(14) comments Back to story

Theresa Elliott

I used to rely on the newspaper for information but finally realized the news is really just opinions. EVERY SINGLE ARTICLE has ONE person’s name as the author and it is literally just their opinion or interpretation of the issue and their decision what facts or non facts to include. So, it’s really the Daily Opinion.....

Gary Miller

Theresa> Worse than that. The writers opinion is ruled by the supervisor who follows the wishes of the editor.

Dalton Logan

Who may in turn be following the direction of the owners of the paper.

Gary Scoggin

I thought you had to be a paying subscriber to post comments here. I can’t imagine that is true because there’s no way people who hate the GDN this much would be paying for a subscription.

Bailey Jones


Carlos Ponce

How many years have you been reading the GDN, Gary Scoggin? My reading experience with this paper goes back to the 1960s. It's not the same paper. GDN used to reflect the audience - right of center. As indicated by the ballot counts in recent elections, the Galveston County populace is still right of center. The current paper isn't. Problem is, some of the editors don't see it since Left reflects THEIR values.

I always use the example of the local sports writers. In a contest between two local high school teams they don't pick sides.

Bailey Jones

editor - noun - a person who is in charge of and determines the final content of a text, particularly a newspaper or magazine.

If you can't figure out how to cancel your subscription, I can help you with that, Carlos.

Carlos Ponce

I like the local sports coverage. One of my former students Erin Smith wrote many of the Hitchcock Bulldog football articles. As for the rest of the paper, I am anticipating a renaissance. In the meantime, I will counter Liberal nonsense.

Bailey Jones

Keep fighting the good fight.

Ted Gillis

I too have been reading the Galveston Daily News since the 1960’s.

Your opinion of the paper being reflective of the community is correct, it’s just that your opinion of what “right of center” means.

I think it is you who have moved away from right of center and the rest of use have remained just were we have always been.

And as far as the reporters reporting up to their editor, and the editor up to the publisher, and owners. Well the owner reports to us, and the advertisers, and to all of the people who consume those articles and advertisements.

Carlos Ponce

No, it is the paper and the Democrat Party who moved Left of center. Many believe County Judge Ray Holbrook has always been a Republican. When elected he was a mainstream Texas Democrat. A lot of people voted for LBJ in 1964 thinking he was still a Texas Democrat, slightly right of center. Remember Bill Clinton and Democrats voted for the Defense of Marriage Act (DOMA). Now the Democrats frown on DOMA. Obama first ran on the belief that marriage was between a man and woman then changed his mind to same sex marriage. Bill Clinton ran as a centrist. After winning he ran to the Left, lost Congress to the Republicans then moved back to center.

Do you have access to Newspaper Archives? Reading the editorial content and stories you find very little of the Left in the 50s, 60s, 70s.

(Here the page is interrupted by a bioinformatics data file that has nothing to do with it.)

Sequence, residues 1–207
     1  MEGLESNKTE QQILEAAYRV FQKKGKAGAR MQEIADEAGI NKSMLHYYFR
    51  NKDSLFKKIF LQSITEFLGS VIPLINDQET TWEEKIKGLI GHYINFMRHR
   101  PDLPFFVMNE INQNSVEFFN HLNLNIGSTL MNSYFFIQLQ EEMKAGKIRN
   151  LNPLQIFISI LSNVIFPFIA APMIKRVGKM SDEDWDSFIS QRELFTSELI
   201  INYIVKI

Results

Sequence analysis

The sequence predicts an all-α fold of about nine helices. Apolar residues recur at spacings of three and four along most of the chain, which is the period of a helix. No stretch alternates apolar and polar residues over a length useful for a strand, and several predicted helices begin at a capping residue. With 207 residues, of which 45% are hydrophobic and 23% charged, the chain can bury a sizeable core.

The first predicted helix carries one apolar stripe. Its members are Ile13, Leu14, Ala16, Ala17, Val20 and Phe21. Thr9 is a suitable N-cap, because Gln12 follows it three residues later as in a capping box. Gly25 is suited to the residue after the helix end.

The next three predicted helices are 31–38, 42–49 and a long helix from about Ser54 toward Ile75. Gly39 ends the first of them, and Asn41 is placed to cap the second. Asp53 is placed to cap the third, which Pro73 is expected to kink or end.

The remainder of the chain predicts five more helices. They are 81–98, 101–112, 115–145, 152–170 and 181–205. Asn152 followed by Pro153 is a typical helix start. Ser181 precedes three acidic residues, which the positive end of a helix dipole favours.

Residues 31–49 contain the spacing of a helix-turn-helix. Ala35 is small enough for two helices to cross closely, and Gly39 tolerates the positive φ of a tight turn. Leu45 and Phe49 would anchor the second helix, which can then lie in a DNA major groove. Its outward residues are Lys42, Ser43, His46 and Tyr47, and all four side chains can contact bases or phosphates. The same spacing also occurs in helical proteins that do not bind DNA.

November 7, 1972 page 4: EDITORIAL "The Galveston Daily News has endorsed President Nixon for re-election."

Gary Scoggin

The same goes for Republicans by the way. Would Nixon and Reagan be welcome in today’s Republican Party? I think not. Both sides have moved; however, I submit the Republicans have moved further right than the Democrats have left. Neither represents the center or close to it.

Carlos Ponce

"Would Nixon and Reagan be welcome in today’s Republican Party? I think not." People who knew them say yes, they would be welcome.

They would frown on Nixon during Watergate but would compare his efforts to normalize relations with China without capitulation to Trump's efforts. They would also compare Nixon's wanting out of Vietnam to Trump wanting out of the Middle East.

From Reagan.com: "Shortly after Trump’s tenure began, he went to work on an issue that also resonated with Ronald Reagan: government de-regulation. Headlines touting that Trump undertakes most ambitious regulatory rollback since Reagan rankled liberals but energized conservatives who had been anxious for a president with the same passion that Ronald Reagan had for removing big government from Americans’ daily lives. Trump and Reagan both understood that bureaucratic red tape that regulates so many industries deprives Americans of job opportunities and stagnates the economy.

The Trump Reagan similarities encompass many other policy issues: Both have backed religious freedom, invested heavily in building a strong military, pioneered tax cuts to invigorate job growth and put money back in the pockets of working-class Americans and have supported limiting entitlement programs in favor of back-to-work and job-readiness initiatives. Underlying nearly all of their domestic and international positions has been a shared belief in the 'America first' approach—that, first and foremost, the government should be investing in ways to keep the country safe, prosperous and growing."

Carlos Ponce

"I submit the Republicans have moved further right than the Democrats have left. Neither represents the center or close to it."

Hubert Humphrey and Ed Muskie were pro-life; Ted Kennedy and Jesse Jackson also initially opposed abortion. George McGovern would have left it up to the individual states. John F. Kennedy was for tax cuts."A rising tide lifts all boats."

Now if you go way back to 1860 there was a party opposed to slavery and one who fought to preserver it.

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